Objectives of the Policy

The objectives of a national energy policy are to ensure availability of reliable and affordable energy supplies and their use in a rational and sustainable manner in order to support national development goals.

Specific objectives include

  • To develop and utilise natural gas and coal resources;
  • To step up petroleum exploration activities;
  • To promote development and utilisation of appropriate new and renewable sources of energy;
  • To reduce deforestation through efficient wood fuel conversion and end-use technologies & techniques;
  • To promote energy conservation and efficiency.


To achieve the overall objectives of economic growth and poverty reduction, there is a need for substantial improvements within the energy sector, both on demand and supply sides. The following are some of challenges:

  • Increased electricity supply and distribution
  • To sustain and increase oil & Gas exploration
  • Regional interconnection
  • Rural electrification
  • Reaching rural households


There are fundamental features and considerations, which determine the development directions and structures of the energy sector. The following are some of the key issues taken into account:

  • Market Economy
  • Independent Regulatory regime
  • National Interest versus Market Forces
  • Regional Cooperation and Trade
  • Energy Conservation and Efficiency
  • Environmental management
  • Gender Issues (Social Role of Women and Men)
  • Appropriate Technologies[5]

In 2010 the EU Energy Initiative Partnership Dialogue Facility formalised an agreement with MEM to develop a biomass energy strategy for Tanzania (BEST).

In order to achieve these goals Tanzania has introduced rural energy and power sector development strategies:

  1. the Electricity Act of 2008 whose main task is the privatisation of the electricity market and an improved framework for market introduction of renewable energy technologies in particular in rural areas;
  2. the Rural Energy Act of 2005 which established the Rural Energy Agency and Fund (REA/F) whose main task is to promote access to modern energy services and to provide performance based subsidies for rural energy including renewable energy systems;
  3. the Energy and Water Utility Regulatory Authority Act established in 2001 which provides the regulator with the responsibility of tariff setting effecting also the independent renewable energy power producers.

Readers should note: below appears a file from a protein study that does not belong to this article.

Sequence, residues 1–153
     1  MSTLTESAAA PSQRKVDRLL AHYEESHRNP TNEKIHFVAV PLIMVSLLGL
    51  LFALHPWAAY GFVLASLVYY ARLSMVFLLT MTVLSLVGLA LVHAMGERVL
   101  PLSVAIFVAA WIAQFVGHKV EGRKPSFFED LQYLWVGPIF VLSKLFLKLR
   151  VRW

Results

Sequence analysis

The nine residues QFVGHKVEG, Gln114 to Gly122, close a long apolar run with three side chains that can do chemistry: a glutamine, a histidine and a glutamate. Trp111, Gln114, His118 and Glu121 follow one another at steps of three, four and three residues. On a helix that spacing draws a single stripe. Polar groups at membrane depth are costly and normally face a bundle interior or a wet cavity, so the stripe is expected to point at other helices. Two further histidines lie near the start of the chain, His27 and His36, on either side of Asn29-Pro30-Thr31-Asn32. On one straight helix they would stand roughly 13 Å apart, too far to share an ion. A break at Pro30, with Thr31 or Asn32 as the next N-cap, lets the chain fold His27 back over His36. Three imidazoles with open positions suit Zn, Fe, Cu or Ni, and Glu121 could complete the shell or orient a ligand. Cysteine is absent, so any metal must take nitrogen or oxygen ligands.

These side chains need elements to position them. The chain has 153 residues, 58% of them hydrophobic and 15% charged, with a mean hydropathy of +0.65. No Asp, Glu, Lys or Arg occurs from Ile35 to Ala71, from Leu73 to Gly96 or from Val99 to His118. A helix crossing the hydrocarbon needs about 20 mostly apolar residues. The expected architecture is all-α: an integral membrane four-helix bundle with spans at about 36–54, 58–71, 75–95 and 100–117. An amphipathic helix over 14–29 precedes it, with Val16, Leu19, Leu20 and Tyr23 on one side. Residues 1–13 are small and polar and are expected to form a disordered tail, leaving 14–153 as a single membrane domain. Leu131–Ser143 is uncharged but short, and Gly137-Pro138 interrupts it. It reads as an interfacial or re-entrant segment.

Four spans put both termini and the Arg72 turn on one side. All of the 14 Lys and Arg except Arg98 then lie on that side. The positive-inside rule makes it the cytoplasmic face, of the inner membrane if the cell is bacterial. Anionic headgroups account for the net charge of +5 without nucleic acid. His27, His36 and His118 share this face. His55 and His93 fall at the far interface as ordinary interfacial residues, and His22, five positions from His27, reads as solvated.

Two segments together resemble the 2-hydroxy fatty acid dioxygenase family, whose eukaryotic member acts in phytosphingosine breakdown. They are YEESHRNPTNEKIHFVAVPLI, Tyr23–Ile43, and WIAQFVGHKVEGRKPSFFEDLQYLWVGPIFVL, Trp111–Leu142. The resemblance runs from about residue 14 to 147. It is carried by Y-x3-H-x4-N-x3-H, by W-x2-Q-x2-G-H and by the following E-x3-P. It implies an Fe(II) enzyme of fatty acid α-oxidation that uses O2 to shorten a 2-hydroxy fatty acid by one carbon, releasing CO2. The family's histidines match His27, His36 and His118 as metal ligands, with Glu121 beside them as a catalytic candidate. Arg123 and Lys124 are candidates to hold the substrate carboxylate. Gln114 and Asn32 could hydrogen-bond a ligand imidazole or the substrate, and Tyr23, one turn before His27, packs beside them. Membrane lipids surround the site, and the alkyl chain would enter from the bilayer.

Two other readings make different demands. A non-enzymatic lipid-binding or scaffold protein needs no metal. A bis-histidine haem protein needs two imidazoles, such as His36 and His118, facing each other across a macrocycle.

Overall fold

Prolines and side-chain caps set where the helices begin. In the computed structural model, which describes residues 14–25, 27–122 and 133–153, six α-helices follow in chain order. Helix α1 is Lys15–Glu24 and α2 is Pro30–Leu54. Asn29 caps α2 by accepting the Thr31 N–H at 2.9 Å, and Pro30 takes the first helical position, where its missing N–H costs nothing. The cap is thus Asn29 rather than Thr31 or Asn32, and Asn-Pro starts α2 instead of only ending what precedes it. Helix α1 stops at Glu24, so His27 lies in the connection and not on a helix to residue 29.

The GOT has adopted the Power System Master Plan (PSMP), by this plan the GOT has both a short-term (2009-2012) and medium- and long-term (2013-2031) plan. The plan estimates an increasing demand for energy/electricity at an average rate of 8.5-15% per annum. In order to be able to ensure adequate energy supply, the Electricity Act of 2008 gives procedures for providing electricity from different sources. The Energy and Water Utility Regulatory Authority (EWURA) created a model for Standardized Small Power Purchase Agreement/Tariff (SSPPA/T) for private producers providing less than 10MW.

The Power Purchase Agreement (PPA) contain a standardized power purchase agreement and a non-negotiable purchase tariff based on avoided cost principles for electricity sales to TANESCO national grid and mini-grids. EWURA, which is the regulatory body, is currently working on issuing guidelines to help developers to develop their projects efficiently. Moreover, EWURA is developing procedures for formulating tariffs for mini-grid consumers.

The Rural Energy Agency has provided subsidies to TANESCO in order to extend grid electricity in areas where it seems not be economic to invest. In 2008/9 the REA plans to use TZS 18.0 billion (US$ 13.33 million) to subsidize the grid-rural electrification.[22]

Called for by the 2008 Electricity Act MEM produced a position paper on the reform of the electricity sector, which is currently (end of 2011) under the consideration of the Cabinet. The paper is expected to give guidance to the further sector development.

The 2010/2011 Joint energy Sector Review gives the following priorities for the electricity sector[23]:

  • electricity sector planning (collaborative preparation of the power sector master plan)